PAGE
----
recyc_fig4
Figure 4, Strength properties of Lab. hardwood pulp

Fibre or paper properties

Number of cycles

Values

0

1

2

3

Density (kg/m2)

707

642

643

633

TrI (mN. m2/g)

6

7

8

8

BS (mN)

35

41

45

46

TEA (Joule/m2)

216

128

83

81

TSI (N.m/Kg)

7

6

5

5

TeI (N.m/g)

97

72

54

50

Br (%ISO)

85

87

87

87

Op (%ISO)

60

70

72

73

LSC (m2/kg)

19

30

32

33

Lw (mm)

 

0.88

0.89

0.9


Table 4, Recycling effect on hardwood Lab. pulp


Scattering coefficient also shows almost the same gain as of laboratory softwood pulp due to recycling (Table 4). 

Chemithermomechanical pulp (CTMP)
Market CTMP pulp made of spruce was soaked in soft water overnight, then disintegrated according to the Scandinavian standards. The pulp without any further treatment was subjected to recycling process.

Figure 5 and Table 5 show the effect of recycling on strength and optical properties of market CTMP pulp.

recyc_fig5
Figure 5, Strength properties of market CTMP

Figure 5 shows that increase in tensile due to recycling is 25% at the first cycle, but the increase in density due to recycling after the third cycle is less than 4%. Thus, the loss in tensile cannot be attributed to the loss in fibre flexibility. The work of Alanko [10] on TMP pulp also did not show any correlation between apparent density and tensile strength. The apparent density increase was significant only for the third cycle, but the gain in tensile was statistically significant for all the cases. The data of Howard and Bichard [3] suggests an opposite trend; as the authors reported a positive correlation between density and tensile strength.

Fibre and paper properties

Number of cycles

Values

0

1

2

3

Density (kg/m2)

362

374

370

372

TrI (mN. m2/g)

7

6

6

6

BS (mN)

61

59

59

61

TeI (N.M/g)

29

37

38

37

Br (%ISO)

64

63

61

62

Op (%ISO)

87

84

85

87

LSC (m2/kg)

43

38

37

40

Lw (mm)

1.49

1.92

1.89

1.92

Table 5, Recycling effect on market CTMP pulp

Decrease in scattering coefficient is also high (i.e., about 12% at first cycle, even though the corresponding gain in density does not exceed 4% after the third cycle (Table 5). Loss in bending stiffness is significant (i.e., about 10% at second cycle – Figure 5). Although loss in thickness is minor, it yet reflects itself in bending stiffness. A slight decrease in tear strength at first cycle could not be justified.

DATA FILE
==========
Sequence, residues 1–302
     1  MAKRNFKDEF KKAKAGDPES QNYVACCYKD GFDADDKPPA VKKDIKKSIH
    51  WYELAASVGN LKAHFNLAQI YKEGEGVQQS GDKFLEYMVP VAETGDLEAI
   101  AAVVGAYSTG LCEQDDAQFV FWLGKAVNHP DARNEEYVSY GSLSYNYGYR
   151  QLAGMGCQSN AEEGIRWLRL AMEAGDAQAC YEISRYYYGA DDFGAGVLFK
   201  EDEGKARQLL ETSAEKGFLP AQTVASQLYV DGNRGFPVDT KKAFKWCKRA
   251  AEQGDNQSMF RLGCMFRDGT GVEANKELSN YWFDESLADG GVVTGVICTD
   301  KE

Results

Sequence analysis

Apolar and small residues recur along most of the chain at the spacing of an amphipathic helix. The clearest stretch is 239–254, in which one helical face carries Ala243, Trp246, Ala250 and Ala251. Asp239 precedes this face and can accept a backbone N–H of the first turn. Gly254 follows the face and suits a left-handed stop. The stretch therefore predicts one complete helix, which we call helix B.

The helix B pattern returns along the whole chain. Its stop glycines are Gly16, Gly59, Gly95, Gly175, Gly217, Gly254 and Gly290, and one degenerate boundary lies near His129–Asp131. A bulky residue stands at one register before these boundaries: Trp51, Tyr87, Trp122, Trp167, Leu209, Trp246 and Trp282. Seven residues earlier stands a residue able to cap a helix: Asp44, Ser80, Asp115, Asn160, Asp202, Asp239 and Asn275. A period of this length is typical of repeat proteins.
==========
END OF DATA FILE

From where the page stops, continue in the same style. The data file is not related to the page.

Bending stiffness and tear strength show the same trend in the processing of recycling (See Figs. 1-5). This observation indicates that both properties are sensitive to the same fibre attributes. 

CONCLUSIONS
1.This work indicated that the market pulp (unbeaten chemical) behavior in the process of recycling - to some extent - was different from the laboratory pulp (chemical).
2.The rate of tensile strength loss was two-fold higher than the loss in density for chemical pulp.
3.Corresponding gain in density compared to tensile strength for CTMP pulp was marginal.
4.The strength loss due to recycling initiates from bonding loss although the share of specific bond strength (i.e., surface bonding potential) compared to the relative bonded area (RBA) could not be deduced.
5.Recycled fibres are very valuable raw materials for the end-products in need of higher bending stiffness.
6.In recycling process a similar trend between bending stiffness and tear strength was observed. 

REFERENCES
1 Nazhad, M. M. ,Recycled fibre quality – A review', Journal of industrial and engineering chemistry, Korean Journal, 11(3): 314 (2005)
2 Nazhad, M. M. and Paszner, L. 'Fundamentals of Strength Loss in Recycled Paper,' Tappi, 77(9): 171(1994)
3 Howard, R.C., and Bichard, W.J., "The basic effect of recycling on pulp properties", JPPS, 18(4): J151 (1992)
4 Scallan, A.M. and Tydeman, A.C., Swelling and elasticity of the cell walls of pulp fibres, JPPSc, 18(5): J188 (1992)
5 Emertone, H. W., Fundamentals of beating process, Marshal press, 84 (1957).
6 Eastwood, F.G. and Clarke, B., 'Handsheet and pilot machine recycling degradation mechanism', in Trans. BPBIF, Symp. Fibre water interactions in papermaking, V:II , London, 835( 1978).
7 Phoung, D. T. and Nazhad, M. M., 'Effect  of swelling or surface agents on strength of old corrugated containers (OCC),' 60th Appita annual conference and exhibition, Melbourne, Australia, 3-5 April (2006)
8 Gurnagul, N., Ju, S. and Page, D. H., Fibre-fibre bond strength of once-dried pulps, JPPS, 27(3): 88 (2001).
9 Page D.H and Tydeman P.A. A new theory of shrinkage, structure and properties of paper.  In The formation and structure of paper. Trans. 2nd Fund. Res. Symp. (ed. F.Bolam), BPBMA, London, 397 (1962).
10 Alanko, K., Recyclability of thermomechanical pulp fibres, Master Thesis, Department of Forest Products Technology, Helsinki University of Technology, 51 (1993).

CONTACT DETAILS
Erik Rusdi Sutjipto: Production Manager, Advance Agro Co. Ltd., Bangkok, Thailand
Kecheng Li: Associate Professor, Pulp and Paper Center, Chemical engineering Dept., Unb, Canada.
Saisanee Pongpattanasuegsa: Lecturer, Engineering Department, Industerial Engineering, University of Rangsit, Thailand
Mousa M. Nazhad: Corresponding author: Associate Professor, Pulp and Paper Technology, Asian institute of Technology, Bangkok, Thailand, Email: mousanazhad@ait.ac.th, mousanazhad@yahoo.com